8 Donato Malerba, Floriana Esosito, Vincenzo Gioviale and Valentina Tamma cardinality) tend to reduce the effect of the missing meet comonent. On the contrary, the normalization by the oin volume (A B ), roosed by De Carvalho in SO_2, totally removes the roblem even when =.5, and the exected MID roerty is satisfied. The MID roerty is generally valid for SO_1 as well, and the atyical symbolic obect is still BSO1. However, in this case, the numerical variables have almost no effect on the comutation of the dissimilarity, since the agreement index at the numerator of each d i, namely =(A B ), is very small. As a matter of fact, the dissimilarity between two symbolic obects is comuted on the basis of the only nominal variable sex. In the case of SO_3, the atyical obect is the third, while BSO1 is considered similar to all other symbolic obects, including BSO9. Once again, the contribution of the meet is nullified by setting =.5, nevertheless the situation is uite different from that resented in the case of U_2. The effect of the oin is multilicative in the comutation of the descrition otential defined by De Carvalho, while it is additive in Ichino and Yaguchi s dissimilarity measures. In SO_3 small intervals can zero the dissimilarity, while in U_2 they have ractically no effect. On the contrary, a single large interval can have a strong imact in U_2, while it may have no effect in SO_3. In the Abalone data set, small intervals are obtained by alying the oin oerator to continuous variables of symbolic obects BSO i, i3. This exlains the strange behaviour of lines deicted in the grah Abalone SO_3. Also in SO_5, which is a normalized version of SO_3, the MID roerty is not satisfied even though it has a more regular behaviour than SO_3 since the contribution of the oin oerator on numerical variables is reduced. Finally, in the case of C_1, the MID roerty is satisfied. According to this measure all symbolic obects are uite dissimilar (the maximum distance is 1.), and the most atyical is that reresenting young abalones (BSO1). Summarizing, the following conclusions can be drawn from this emirical evaluation: 1. Only three dissimilarity measures roosed by de Carvalho, namely SO_1, SO_2 and C_1, satisfy the MID roerty. For all these measures the less tyical obect is that reresenting very young abalones (BSO1). 2. When BSOs are generated from uneually distributed cases with resect to a given class variable, the actual size of variable value sets A i might simly reflect the original distribution of cases. In articular, small value sets may be due to the scantiness of cases used in the BSO generation rocess, while large value sets may occur because of the natural variability in a large oulation of cases used to synthesize BSOs. When this haens, distance measures based on the sanning factor (e.g., U_1) may lead to unexected results. 3. In Ichino and Yaguchi s measures (i.e., U_2, U_3 and U_4), the contribution of the meet oerator should not be nullified by setting the arameter to.5. An intermediate value between and.5 is generally recommended. Moreover, the normalization roosed by de Carvalho (see SO_2) show better results. 4. In the case of continuous variables, the width of value intervals is critical, since dissimilarities measures based on additive aggregation tend to return high values when only one comonentwise dissimilarity is uite large, while measures based on descrition otential return small values when only one comonentwise dissimilarity is uite small. 48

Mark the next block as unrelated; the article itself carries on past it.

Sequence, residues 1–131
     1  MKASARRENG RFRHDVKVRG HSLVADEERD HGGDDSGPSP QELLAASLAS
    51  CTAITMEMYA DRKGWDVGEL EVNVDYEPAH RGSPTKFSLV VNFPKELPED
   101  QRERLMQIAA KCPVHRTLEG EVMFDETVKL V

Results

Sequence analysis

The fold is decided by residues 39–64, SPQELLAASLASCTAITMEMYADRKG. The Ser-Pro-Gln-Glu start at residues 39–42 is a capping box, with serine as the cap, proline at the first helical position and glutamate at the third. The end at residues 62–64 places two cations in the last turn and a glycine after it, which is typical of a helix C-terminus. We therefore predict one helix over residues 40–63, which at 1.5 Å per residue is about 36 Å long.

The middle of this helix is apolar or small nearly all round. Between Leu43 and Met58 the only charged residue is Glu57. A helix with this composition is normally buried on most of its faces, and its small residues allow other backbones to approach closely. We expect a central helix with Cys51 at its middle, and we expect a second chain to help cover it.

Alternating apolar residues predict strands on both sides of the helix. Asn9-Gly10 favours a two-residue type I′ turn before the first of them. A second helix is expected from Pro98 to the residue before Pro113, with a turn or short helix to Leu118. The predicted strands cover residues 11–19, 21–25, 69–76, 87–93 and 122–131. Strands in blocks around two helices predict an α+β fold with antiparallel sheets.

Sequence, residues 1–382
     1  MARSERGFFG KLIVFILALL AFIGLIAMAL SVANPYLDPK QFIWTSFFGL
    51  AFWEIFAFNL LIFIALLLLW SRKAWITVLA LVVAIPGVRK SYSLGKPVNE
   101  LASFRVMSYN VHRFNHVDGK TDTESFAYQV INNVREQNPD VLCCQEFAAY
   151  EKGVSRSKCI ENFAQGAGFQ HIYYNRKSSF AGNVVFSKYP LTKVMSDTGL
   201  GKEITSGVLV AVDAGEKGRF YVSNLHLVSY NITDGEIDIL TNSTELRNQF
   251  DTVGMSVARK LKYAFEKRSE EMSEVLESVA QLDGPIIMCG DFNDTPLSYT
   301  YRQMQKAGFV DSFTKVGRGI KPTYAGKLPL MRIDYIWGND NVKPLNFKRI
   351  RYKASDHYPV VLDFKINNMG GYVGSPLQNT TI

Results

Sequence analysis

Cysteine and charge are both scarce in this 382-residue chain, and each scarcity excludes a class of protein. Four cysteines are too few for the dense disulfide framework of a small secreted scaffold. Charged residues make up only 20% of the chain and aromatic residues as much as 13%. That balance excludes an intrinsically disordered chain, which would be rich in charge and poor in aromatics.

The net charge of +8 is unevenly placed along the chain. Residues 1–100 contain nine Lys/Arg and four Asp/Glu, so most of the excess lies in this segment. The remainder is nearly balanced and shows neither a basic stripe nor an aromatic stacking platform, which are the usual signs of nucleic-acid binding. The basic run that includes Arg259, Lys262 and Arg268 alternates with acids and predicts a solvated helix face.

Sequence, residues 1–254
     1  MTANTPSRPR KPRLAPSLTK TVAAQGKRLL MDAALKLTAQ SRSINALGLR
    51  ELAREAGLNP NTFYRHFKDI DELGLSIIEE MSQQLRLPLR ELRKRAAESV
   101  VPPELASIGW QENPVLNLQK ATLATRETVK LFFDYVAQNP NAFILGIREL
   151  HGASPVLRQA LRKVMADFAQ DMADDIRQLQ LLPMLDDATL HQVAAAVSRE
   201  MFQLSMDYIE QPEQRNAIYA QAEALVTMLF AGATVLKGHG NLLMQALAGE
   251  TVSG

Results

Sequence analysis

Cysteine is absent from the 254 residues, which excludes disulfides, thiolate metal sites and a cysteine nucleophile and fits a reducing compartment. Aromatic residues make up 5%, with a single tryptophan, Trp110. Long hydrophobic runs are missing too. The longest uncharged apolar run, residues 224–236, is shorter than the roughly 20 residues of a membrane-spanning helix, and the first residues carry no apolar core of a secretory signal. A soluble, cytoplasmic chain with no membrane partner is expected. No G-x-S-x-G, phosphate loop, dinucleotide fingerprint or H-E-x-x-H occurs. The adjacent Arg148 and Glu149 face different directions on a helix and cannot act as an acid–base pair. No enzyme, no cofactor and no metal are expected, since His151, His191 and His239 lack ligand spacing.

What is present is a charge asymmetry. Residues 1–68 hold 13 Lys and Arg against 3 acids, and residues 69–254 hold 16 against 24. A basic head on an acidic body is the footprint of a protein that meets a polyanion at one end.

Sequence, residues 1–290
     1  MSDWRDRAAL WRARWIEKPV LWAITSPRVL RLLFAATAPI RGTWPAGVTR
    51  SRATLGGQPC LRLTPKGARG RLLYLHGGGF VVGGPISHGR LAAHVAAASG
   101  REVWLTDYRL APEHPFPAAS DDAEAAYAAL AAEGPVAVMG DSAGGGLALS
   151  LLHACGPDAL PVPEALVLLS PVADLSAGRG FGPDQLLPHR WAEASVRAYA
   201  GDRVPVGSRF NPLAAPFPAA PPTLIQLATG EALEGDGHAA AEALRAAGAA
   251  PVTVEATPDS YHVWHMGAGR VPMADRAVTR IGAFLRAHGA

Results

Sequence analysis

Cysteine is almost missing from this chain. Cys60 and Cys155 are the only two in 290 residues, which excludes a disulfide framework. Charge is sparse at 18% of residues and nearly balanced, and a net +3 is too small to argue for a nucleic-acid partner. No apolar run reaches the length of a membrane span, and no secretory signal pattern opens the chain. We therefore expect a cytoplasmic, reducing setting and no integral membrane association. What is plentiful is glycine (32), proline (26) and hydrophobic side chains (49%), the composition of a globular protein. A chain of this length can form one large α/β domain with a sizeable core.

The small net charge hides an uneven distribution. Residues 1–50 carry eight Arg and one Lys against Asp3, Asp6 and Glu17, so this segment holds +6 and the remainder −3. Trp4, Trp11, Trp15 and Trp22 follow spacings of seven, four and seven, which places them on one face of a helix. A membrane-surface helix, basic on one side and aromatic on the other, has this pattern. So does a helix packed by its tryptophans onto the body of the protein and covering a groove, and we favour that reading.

9 Comaring dissimilarity measures for symbolic data analysis 4. Conclusions In symbolic data analysis a key role is layed by the comutation of dissimilarity measures. Many measures have been roosed in the literature, although a comarison that investigates their alicability to real data has never been reorted. The main difficulty was due to the lack of a standard in the reresentation of symbolic obects and the necessity of imlementing many dissimilarity measures. The software roduced by the ESPRIT Proect SODAS has artially solved this roblem by defining a suite of modules that enable the generation, visualization and maniulation of symbolic obects. In this work, a comarative study of the dissimilarity measures for BSOs is reorted with reference to a articular data set for which an exected roerty could be defined. Interestingly enough, such a roerty has been observed only for some dissimilarity measures, which actually show very different behaviours. There are a number of ossible directions for future research. One is to exeriment whether other data sets with fully understandable and exlainable roerties related to the roximity concet. Another direction is to extend the emirical evaluation to dissimilarity measure defined on robabilistic symbolic obects. A third direction is to develo new dissimilarity measures for symbolic data that remove the two basic assumtions, namely variable indeendence and eual attribute relevance. Acknowledgements This work was suorted artly by the Euroean IST roect no (ASSO). References [1] Bock, H.H., Diday, E. (eds.): Analysis of Symbolic Data.Exloratory Methods for Extracting Statistical Information from Comlex Data, Series: Studies in Classification, Data Analysis, and Knowledge Organisation, Vol. 15, SringerVerlag, Berlin, (2), ISBN [2] de Carvalho, F.A.T.: Proximity coefficients between Boolean symbolic obects. In: Diday, E. et al. (eds.): New Aroaches in Classification and Data Analysis, Series: Studies in Classification, Data Analysis, and Knowledge Organisation, Vol. 5, SringerVerlag, Berlin, (1994) [3] de Carvalho, F.A.T.: Extension based roximity coefficients between constrained Boolean symbolic obects. In: Hayashi, C. et al. (eds.): Proc. of IFCS 96, Sringer, Berlin, (1998) [4] Esosito, F., Malerba, D., Tamma, V., and Bock, H.H.: Classical resemblance measures. In: Bock, H.H, Diday, E. (eds.): Analysis of Symbolic Data. Exloratory Methods for extracting Statistical Information from Comlex Data, Series: Studies in Classification, Data Analysis, and Knowledge Organisation, Vol. 15, SringerVerlag, Berlin, (2) [5] Esosito, F., Malerba, D., Tamma, V.: Dissimilarity Measures for Symbolic Obects. In: Bock, H.H., Diday, E. (eds.): Analysis of Symbolic Data. Exloratory Methods for extracting Statistical Information from Comlex Data, Series: Studies in Classification, Data Analysis, and Knowledge Organisation, Vol. 15, SringerVerlag, Berlin, (2) [6] Gowda, K. C., Diday, E.: Symbolic clustering using a new dissimilarity measure. In Pattern Recognition, Vol. 24, No. 6, (1991) [7] Ichino, M., Yaguchi, H.: Generalized Minkowski Metrics for Mixed FeatureTye Data Analysis. IEEE Transactions on Systems, Man, and Cybernetics, Vol. 24, No. 4, (1994) [8] RobnikŠikona, M., Kononenko, I.: Pruning regression trees with MDL. In: Prade, H. (ed.): Proc. of the 13th Euroean Conference on Artificial Intelligence, John Wiley & Sons, Chichester, England, (1998) [9] Stéhan, V., Hébrail, G., and Lechevallier, Y.: Generation of Symbolic Obects from Relational Databases. In: Bock, H.H., Diday, E. (eds.): Analysis of Symbolic Data. Exloratory Methods for extracting Statistical Information from Comlex Data, Series: Studies in Classification, Data Analysis, and Knowledge Organisation, Vol. 15, SringerVerlag, Berlin, (2) [1] Torgo, L.: Functional Models for Regression Tree Leaves. In: Fisher, D. (ed.): Proc. of the International Machine Learning, Morgan Kaufmann, San Francisco, CA, (1997)